I remember that very early on when Shaquille O’Neal was considered a can’t miss NBA prospect playing for Louisiana State University, before he became the No. 1 draft pick of the Orlando Magic in 1992, some magazine I frequently picked up off newsstands (probably Sports Illustrated) did a profile piece on him. In the interview he mentioned his love of rap music, specifically shouted out Public Enemy as important to him, and to a young impressionable teenage “Flash” this was all I needed to know about the seven footer. I determined right then and there that if he made it to the NBA he’d immediately be one of my favorites. Now of course his OWN forays into hip-hop music made unwavering support more difficult. To this day I don’t doubt his efforts were heartfelt, and some songs like “Biological Didn’t Bother” and “You Can’t Stop the Reign” have held up well, but he was always a more commanding presence on the court than on the microphone. I’m glad he wound up with four championship rings – those accolades suit him better.
The irony of that intro is that other than Jakk Wonders putting him on the cover of “Rookie Season II” and sampling the 1992 NBA Draft in his OWN intro, Mr. O’Neal has almost nothing to do with this album. In fact you won’t hear a Shaq Attack anywhere on any track of this album, nor any rap bars of any kind, because “Rookie Season II” is an entirely instrumental affair. Still given Jakk hails from Johannesburg, South Africa it reminds me that America exported more than just hip-hop music and culture when I was growing up. I had a bit of tunnel vision back then. Everything had to be about hip-hop, and just like my respect for Shaq doubled when he said he was a P.E. fan, anybody who represented that to me in any endeavor engendered the same interest. I looked at actors, athletes, talk show hosts and pop culture personalities through a very focused lens. If they said something positive about rap they got props, and if they said something negative I whipped out my pen and clipboard like Chris Jericho and they went on THE LIST.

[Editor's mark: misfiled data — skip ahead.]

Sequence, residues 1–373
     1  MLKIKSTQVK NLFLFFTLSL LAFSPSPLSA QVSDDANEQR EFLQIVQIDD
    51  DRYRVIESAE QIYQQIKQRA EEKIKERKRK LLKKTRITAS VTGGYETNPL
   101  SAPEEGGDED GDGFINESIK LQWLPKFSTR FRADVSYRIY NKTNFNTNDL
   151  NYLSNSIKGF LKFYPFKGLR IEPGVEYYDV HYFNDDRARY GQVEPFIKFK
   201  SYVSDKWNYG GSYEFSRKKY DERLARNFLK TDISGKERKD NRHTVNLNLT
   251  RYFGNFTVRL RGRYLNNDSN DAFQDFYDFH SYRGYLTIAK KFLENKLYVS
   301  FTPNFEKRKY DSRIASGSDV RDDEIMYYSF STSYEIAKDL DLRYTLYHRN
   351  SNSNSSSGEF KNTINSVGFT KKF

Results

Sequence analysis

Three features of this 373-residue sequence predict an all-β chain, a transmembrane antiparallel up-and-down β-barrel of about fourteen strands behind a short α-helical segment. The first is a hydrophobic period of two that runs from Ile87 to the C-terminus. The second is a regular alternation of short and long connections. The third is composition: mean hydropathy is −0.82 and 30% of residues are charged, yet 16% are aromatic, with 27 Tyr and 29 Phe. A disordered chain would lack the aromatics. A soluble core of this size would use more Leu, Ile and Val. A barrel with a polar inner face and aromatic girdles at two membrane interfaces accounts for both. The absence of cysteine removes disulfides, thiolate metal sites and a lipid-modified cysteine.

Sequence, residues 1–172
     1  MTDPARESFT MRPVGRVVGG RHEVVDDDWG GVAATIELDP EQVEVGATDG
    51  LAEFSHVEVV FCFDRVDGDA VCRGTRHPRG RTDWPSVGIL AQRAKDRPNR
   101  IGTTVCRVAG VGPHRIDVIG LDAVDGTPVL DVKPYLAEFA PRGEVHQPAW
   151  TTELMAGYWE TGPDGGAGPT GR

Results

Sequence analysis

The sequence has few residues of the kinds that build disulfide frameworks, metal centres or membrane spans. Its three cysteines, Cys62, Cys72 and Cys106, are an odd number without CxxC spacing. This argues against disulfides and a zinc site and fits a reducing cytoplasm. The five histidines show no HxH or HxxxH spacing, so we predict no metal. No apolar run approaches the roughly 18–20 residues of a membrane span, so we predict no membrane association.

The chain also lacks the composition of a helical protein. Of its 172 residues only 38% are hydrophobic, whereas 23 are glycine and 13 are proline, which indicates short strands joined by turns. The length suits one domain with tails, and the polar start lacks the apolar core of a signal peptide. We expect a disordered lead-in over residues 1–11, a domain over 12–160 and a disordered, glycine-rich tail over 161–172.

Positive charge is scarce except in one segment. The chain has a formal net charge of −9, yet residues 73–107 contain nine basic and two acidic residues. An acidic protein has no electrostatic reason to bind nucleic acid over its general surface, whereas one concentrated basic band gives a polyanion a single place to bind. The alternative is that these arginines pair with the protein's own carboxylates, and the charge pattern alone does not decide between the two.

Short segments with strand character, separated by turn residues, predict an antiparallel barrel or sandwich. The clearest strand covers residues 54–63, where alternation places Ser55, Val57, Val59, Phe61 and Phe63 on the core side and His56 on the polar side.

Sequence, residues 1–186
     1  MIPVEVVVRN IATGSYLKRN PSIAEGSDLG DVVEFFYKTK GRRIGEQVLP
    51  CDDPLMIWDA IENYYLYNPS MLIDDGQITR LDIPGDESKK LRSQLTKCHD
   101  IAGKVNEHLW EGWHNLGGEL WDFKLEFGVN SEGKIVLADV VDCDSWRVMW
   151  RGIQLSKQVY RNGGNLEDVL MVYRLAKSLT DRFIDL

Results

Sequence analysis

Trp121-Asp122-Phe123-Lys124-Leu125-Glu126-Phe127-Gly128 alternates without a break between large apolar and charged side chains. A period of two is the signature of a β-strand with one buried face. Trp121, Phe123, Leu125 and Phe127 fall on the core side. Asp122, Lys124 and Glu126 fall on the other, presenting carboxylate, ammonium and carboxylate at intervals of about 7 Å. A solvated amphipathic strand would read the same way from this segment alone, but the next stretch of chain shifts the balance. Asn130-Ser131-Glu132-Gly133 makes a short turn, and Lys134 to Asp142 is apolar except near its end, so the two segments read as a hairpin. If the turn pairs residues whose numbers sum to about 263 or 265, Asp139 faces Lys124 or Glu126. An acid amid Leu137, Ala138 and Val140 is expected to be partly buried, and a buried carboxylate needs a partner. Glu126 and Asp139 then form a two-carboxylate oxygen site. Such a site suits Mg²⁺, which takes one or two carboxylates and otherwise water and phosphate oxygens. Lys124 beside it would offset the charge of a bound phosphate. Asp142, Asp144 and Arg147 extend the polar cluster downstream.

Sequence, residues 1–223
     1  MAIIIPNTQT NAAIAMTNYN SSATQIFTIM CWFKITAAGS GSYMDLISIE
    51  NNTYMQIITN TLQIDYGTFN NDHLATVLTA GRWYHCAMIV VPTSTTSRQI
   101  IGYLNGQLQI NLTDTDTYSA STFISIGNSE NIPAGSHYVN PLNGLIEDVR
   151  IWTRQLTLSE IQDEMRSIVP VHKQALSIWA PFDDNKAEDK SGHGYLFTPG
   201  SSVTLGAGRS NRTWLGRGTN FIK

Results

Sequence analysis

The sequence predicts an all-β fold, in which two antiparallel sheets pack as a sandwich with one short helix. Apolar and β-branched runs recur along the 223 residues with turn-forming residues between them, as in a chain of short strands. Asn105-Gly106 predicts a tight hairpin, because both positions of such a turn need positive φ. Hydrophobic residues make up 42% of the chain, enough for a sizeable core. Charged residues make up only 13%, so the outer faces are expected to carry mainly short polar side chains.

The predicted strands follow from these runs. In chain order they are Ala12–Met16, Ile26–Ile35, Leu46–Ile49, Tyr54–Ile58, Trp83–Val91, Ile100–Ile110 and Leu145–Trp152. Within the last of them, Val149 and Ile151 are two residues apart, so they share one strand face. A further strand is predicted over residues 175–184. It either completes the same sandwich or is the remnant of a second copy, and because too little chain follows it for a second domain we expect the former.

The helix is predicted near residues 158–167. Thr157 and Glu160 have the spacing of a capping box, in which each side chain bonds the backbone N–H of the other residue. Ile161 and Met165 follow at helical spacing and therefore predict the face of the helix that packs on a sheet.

For me Jakk’s album was a chance to take a stroll down memory lane, look at that younger kid I used to be, shake my head and chuckle at him a little bit. I still have a passion for hip-hop or I wouldn’t be writing about it, but I don’t judge everything and everyone in relation to it the way I would’ve back then. An entirely instrumental album like this one gives you plenty of time to reflect and wander around in your own thoughts. Snap back to reality though and there’s time to comment on tracks like the aptly named “Leaving Orlando” though, the finale of this instrumental beat tape. I’ve playfully suggested that Jakk purposefully adds the “dusty record under worn needle static” to tracks before, and if that’s not your thing you probably wouldn’t like this song, but to me it evokes exactly the right kind of nostalgic feelings that a review like this one couldn’t do without.
Shaq didn’t have his greatest success as a player until he left and went to the Los Angeles Lakers and the Miami Heat. The Magic had the good sense to draft someone of his size and talent, but didn’t have the aptitude to build a championship team around him, so O’Neal wasn’t going to get anywhere unless he packed his bags and went elsewhere. Perhaps it will be the same for Jakk. In the internet age you can obviously live anywhere on the globe and make great beats and rhymes, but there’s always that possibility he could make better face to face connections somewhere like London, New York, L.A. or Tokyo. Maybe that’s me unfairly judging Johannesburg simply because I’ve never been there. It could be a hip-hop mecca the likes of the cities I just named. After all it produced a talent like Jakk so there clearly must be SOMETHING in the water.
The question is really how this man of “Forgotten Wonders” wants to be remembered. Does he aim to go down as the greatest rap producer making beat tapes in Johannesburg, or does he aim to produce legendary albums like Alchemist, Primo, Pete Rock and 9th Wonder? I can’t say. He’s got enough talent to aim for those lofty heights and potentially hit the target, but even when you’ve got the skills you still need to make the right connections in the right places. I hope that whatever is next for Jakk Wonders, he’ll use his own beat tape as motivation and not be afraid to leave home, no matter how well he’s getting paid where he lives now.